Posted: September 19th, 2012 | By: Lisa Snedeker
Morgan McCall (’13) argued in the United States Court of Appeals for the Fourth Circuit, in Richmond, Va., on Tuesday, Sept. 18, as part of the Appellate Advocacy Clinic. The Fourth Circuit is the federal appeals court for five states: Maryland, North Carolina, South Carolina, Virginia, and West Virginia. McCall was the 11th Wake Forest 3L to argue in the Fourth Circuit in the past five years as part of the Appellate Advocacy Clinic.
McCall argued on behalf of James Estep, in the case of Estep v. Ballard. Also representing Estep are Kelley Chan (’13) and Professor John Korzen, the director of the Appellate Advocacy Clinic.
The issue on appeal is whether Estep’s trial counsel provided ineffective assistance in violation of his Sixth Amendment right to counsel. As an 18-year-old, Estep committed a homicide and was charged with first-degree murder in West Virginia state court.
At trial, Estep’s counsel failed to object when the State repeatedly introduced evidence, and argued, that the victim was a “kind and gentle” man who performed various good deeds such as providing free food and firewood to the community. Such evidence is inadmissible under Rule of Evidence 404. The jury convicted Estep and sentenced him to life in prison “without mercy,” which under West Virginia law means he will never be eligible for parole. Estep contends that his trial counsel’s failure to object to the “good character” evidence prejudiced his chances of obtaining life with mercy.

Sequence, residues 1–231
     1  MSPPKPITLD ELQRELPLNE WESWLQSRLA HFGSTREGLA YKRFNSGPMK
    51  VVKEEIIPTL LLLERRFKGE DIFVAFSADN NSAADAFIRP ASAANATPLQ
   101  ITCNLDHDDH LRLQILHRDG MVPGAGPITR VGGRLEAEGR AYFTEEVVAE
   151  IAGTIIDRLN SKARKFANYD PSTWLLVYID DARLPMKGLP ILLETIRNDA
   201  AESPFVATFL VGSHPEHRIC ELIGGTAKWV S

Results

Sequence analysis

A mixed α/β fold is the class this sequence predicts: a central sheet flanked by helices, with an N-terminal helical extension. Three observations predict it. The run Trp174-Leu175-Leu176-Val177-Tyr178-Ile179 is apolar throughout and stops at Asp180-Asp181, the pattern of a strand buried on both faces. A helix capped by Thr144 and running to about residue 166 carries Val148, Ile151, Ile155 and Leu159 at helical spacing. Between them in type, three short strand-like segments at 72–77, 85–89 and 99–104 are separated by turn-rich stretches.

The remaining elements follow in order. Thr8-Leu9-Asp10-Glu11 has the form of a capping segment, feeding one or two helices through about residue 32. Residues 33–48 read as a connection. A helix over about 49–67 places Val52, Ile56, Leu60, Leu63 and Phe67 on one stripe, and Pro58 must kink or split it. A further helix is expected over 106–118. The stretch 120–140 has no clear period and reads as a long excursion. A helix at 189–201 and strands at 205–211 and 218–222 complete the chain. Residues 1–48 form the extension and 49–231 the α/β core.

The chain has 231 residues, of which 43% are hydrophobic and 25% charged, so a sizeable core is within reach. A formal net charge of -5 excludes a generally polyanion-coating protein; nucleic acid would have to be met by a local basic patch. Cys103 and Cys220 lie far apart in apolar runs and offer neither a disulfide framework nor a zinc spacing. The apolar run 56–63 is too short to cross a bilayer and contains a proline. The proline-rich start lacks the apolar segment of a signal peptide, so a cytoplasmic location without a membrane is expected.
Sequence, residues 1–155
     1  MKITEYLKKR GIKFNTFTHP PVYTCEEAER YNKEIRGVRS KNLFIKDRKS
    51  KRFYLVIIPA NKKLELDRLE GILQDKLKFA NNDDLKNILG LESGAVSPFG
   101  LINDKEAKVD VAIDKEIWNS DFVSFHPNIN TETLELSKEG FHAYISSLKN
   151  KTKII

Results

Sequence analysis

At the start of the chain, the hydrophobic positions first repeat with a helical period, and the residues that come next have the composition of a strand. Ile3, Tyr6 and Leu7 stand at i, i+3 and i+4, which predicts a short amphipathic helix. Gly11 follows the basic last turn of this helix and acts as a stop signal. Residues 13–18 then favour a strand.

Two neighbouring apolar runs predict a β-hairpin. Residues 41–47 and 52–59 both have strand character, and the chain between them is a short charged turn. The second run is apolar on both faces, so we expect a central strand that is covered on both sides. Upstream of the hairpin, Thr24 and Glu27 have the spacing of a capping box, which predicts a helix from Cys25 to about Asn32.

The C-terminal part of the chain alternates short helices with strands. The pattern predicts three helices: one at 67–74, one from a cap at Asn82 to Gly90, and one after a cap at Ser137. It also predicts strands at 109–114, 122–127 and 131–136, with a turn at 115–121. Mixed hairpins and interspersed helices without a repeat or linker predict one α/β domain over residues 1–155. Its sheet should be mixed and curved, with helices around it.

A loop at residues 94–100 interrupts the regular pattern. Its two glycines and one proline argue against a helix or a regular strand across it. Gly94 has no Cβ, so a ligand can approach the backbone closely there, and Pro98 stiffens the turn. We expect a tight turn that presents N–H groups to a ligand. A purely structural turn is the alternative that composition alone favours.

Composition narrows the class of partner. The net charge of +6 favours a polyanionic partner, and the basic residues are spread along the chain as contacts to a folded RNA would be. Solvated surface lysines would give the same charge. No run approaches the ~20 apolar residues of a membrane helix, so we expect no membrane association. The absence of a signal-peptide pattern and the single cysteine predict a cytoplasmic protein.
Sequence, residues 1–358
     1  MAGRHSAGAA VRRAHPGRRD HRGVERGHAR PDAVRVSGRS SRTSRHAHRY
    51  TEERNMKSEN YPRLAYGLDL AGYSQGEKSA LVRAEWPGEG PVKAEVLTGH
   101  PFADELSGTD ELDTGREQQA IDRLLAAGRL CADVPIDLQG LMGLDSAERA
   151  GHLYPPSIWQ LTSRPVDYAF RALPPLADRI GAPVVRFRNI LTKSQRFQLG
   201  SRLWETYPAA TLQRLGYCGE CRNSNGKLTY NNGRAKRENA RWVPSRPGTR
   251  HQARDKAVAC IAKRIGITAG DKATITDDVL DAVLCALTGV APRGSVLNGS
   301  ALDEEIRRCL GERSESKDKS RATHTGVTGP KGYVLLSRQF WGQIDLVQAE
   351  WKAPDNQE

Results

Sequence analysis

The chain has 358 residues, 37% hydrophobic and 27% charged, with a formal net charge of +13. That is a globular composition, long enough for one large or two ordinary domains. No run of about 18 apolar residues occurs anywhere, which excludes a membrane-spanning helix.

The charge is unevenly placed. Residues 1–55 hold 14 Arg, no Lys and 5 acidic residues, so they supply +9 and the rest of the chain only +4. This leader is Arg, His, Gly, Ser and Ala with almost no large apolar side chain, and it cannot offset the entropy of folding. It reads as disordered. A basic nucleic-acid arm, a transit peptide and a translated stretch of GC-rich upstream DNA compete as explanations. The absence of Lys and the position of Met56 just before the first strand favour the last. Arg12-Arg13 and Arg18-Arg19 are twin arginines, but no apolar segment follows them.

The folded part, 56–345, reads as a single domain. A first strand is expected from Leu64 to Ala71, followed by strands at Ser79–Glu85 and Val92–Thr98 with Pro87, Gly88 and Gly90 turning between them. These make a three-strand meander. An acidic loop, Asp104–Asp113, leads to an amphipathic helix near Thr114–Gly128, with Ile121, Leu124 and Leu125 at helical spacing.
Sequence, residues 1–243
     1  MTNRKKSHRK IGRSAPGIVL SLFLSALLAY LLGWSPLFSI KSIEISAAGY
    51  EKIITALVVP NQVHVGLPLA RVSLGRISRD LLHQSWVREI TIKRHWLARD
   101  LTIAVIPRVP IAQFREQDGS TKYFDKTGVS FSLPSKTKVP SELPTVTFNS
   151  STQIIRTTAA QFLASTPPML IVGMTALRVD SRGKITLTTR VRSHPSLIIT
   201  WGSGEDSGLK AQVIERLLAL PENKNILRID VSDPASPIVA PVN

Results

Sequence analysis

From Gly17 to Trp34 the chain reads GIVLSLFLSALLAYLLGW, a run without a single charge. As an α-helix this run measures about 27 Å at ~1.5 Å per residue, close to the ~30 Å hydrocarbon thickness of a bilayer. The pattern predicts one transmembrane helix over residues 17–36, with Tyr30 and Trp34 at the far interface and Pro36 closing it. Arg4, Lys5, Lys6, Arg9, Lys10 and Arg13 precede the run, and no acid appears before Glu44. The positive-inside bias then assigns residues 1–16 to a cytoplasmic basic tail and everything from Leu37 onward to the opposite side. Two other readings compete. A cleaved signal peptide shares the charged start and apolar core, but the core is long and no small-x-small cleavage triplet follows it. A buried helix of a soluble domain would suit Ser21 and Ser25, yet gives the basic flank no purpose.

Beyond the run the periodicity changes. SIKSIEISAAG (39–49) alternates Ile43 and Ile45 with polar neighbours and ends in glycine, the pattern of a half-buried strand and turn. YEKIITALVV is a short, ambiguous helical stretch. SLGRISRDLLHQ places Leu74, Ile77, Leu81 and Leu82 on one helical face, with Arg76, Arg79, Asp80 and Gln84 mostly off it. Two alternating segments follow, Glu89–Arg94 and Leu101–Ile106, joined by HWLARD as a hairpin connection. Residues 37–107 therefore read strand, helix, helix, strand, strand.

The Fourth Circuit panel included Judge J. Harvie Wilkinson of Virginia, Judge Karen Motz of Maryland, and Judge Roger Gregory of Virginia.
“Morgan made an excellent argument on Mr. Estep’s behalf,” Korzen said. “She was very well-prepared and did a great job handling numerous questions from Judge Wilkinson and Judge Motz. She earned high praise from the judges and other attorneys in the courtroom.”
Chan and McCall drafted the Reply Brief of Appellant over the summer. Hannah Davis (’12) and Leslie Cockrell (’12) drafted the Brief of Appellant last year. Fellow Clinic students, and Davis, judged McCall in three practice arguments, at which Chan argued for the other side. A decision is expected by the end of the year.
The Appellate Advocacy Clinic is a two-semester course for 3Ls. This year the Clinic currently has 10 students working on five appeals in three different jurisdictions. For more information about the Clinic, contact Professor Korzen.